Booth, family prominent in the Salvation Army, founded by William Booth. His wife, Catherine Mumford Booth, 1829–90, whom he married in 1855, played a leading part in the foundation and development of the Salvation Army, devoting herself particularly to its work among women and children. Their eldest son, Bramwell Booth, 1856–1929, succeeded his father in 1912 as general of the Salvation Army. Another son, Ballington Booth, 1859–1940, was commander (1885–87) of the Army in Australia and then commander (1887–96) in the United States, where his wife, Maud Charlesworth Ballington Booth, 1865–1948, shared his labors; in 1896 they withdrew from the Salvation Army and founded the Volunteers of America. A daughter of William Booth, Emma Moss Booth-Tucker, 1860–1903, was in charge (1880–88) of the international training homes of the Salvation Army. She and her husband, Frederick St. George de Latour Booth-Tucker, 1853–1929, who had resigned from the India civil service to join the Salvation Army, jointly commanded the Army in the United States from 1896 until her death in 1903. See also Booth, Evangeline Cory.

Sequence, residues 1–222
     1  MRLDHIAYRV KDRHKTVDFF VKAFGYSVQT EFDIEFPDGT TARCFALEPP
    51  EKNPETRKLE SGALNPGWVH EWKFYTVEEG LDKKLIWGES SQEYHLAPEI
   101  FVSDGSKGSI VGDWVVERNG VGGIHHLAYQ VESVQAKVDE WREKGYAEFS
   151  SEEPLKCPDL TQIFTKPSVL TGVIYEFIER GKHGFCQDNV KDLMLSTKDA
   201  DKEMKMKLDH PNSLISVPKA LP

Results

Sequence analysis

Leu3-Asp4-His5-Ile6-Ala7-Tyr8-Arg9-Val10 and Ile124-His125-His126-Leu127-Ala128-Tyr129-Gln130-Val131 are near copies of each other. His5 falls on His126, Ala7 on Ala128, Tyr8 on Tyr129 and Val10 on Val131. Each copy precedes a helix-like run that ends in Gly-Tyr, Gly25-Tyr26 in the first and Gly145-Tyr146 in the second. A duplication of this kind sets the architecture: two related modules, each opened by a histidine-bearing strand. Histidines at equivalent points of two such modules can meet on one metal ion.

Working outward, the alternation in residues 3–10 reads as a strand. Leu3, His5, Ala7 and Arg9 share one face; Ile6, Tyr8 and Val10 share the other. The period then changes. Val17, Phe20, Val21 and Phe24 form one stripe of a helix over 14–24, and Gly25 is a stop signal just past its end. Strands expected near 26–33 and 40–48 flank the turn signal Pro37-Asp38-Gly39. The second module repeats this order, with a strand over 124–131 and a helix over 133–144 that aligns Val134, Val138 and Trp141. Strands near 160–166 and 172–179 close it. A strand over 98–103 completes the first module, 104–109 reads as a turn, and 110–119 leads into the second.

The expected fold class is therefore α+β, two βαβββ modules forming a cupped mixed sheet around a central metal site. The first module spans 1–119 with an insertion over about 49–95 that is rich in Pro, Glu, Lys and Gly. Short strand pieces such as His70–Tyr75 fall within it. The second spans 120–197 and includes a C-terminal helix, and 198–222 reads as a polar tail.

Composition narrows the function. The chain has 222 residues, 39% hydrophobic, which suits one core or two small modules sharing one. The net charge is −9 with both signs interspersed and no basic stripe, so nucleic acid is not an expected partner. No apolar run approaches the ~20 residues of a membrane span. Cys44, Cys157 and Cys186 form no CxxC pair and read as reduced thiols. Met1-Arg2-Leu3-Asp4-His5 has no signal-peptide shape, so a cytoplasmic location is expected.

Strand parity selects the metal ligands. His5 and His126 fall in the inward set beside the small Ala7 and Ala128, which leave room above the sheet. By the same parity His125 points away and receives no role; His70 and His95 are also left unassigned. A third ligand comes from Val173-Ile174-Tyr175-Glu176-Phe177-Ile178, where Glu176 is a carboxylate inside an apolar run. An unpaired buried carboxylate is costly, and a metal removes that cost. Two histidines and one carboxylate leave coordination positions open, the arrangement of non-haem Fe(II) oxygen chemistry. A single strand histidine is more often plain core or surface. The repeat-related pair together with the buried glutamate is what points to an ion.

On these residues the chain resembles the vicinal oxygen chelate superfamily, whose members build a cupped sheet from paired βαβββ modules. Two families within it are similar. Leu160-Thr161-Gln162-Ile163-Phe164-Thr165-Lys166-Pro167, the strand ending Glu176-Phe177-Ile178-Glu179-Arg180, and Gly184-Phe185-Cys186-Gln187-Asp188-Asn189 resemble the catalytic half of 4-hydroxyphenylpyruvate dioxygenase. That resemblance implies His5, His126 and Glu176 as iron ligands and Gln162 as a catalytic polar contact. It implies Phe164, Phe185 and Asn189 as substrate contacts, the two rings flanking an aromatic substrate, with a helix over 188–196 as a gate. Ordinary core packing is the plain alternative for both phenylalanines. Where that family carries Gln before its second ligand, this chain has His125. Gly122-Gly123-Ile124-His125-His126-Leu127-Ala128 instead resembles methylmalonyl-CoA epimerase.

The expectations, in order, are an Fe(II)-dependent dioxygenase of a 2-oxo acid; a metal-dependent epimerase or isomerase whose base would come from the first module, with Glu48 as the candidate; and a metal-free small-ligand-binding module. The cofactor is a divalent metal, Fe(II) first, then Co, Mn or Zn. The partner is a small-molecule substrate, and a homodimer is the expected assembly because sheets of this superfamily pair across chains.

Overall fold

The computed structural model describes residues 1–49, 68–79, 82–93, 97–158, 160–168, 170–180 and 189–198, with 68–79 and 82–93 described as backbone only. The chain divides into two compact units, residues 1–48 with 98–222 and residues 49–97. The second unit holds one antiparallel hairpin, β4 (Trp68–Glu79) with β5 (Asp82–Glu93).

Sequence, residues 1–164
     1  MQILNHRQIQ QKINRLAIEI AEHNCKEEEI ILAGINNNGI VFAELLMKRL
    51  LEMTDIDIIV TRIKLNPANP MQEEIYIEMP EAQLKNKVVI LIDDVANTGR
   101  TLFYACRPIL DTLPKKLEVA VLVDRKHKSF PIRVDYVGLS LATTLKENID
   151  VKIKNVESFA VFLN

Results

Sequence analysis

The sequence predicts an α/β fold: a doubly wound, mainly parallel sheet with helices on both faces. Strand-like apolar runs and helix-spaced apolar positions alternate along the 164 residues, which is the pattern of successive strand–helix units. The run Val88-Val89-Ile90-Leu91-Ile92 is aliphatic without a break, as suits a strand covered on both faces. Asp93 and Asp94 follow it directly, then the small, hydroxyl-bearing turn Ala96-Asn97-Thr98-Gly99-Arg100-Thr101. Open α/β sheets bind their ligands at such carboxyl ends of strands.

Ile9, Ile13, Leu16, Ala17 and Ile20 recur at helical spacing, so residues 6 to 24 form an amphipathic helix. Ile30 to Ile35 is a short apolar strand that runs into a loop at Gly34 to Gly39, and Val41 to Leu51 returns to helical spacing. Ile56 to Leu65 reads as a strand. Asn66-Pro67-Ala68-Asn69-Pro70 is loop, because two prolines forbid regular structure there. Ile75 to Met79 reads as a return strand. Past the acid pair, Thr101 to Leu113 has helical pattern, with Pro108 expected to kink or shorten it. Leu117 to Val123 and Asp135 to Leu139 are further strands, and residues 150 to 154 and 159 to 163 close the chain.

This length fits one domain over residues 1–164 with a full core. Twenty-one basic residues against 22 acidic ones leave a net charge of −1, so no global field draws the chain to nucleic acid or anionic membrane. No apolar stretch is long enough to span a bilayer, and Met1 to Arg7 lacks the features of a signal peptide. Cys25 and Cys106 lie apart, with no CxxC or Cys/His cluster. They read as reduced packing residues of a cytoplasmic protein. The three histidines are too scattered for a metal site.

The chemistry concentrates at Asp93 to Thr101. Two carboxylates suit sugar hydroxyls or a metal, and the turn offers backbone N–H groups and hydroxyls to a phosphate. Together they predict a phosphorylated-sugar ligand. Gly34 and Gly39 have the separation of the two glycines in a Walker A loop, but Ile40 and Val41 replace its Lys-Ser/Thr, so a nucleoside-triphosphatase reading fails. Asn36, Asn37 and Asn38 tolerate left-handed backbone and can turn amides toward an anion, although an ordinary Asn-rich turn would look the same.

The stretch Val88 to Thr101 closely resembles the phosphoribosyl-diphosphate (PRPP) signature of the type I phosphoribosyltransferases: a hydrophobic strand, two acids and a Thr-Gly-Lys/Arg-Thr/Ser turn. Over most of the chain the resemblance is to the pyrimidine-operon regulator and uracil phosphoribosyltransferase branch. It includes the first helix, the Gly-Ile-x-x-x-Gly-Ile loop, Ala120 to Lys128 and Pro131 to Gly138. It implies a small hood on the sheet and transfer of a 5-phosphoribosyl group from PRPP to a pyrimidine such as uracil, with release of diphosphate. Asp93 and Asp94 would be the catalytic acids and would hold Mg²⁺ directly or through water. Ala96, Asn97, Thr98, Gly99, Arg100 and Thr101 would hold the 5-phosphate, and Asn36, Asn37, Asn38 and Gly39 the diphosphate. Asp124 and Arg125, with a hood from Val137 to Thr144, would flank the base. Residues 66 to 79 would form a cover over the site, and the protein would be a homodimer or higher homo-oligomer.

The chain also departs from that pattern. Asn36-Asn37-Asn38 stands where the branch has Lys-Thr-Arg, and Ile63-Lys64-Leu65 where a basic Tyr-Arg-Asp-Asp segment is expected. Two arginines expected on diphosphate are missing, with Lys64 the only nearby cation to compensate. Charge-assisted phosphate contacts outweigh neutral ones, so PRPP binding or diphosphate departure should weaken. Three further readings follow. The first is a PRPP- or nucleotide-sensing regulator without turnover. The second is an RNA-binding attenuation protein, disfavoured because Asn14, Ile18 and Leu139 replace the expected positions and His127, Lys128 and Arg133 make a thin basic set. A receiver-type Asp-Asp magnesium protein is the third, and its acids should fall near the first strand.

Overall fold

The Columbia Electronic Encyclopedia, 6th ed. Copyright © 2012, Columbia University Press. All rights reserved.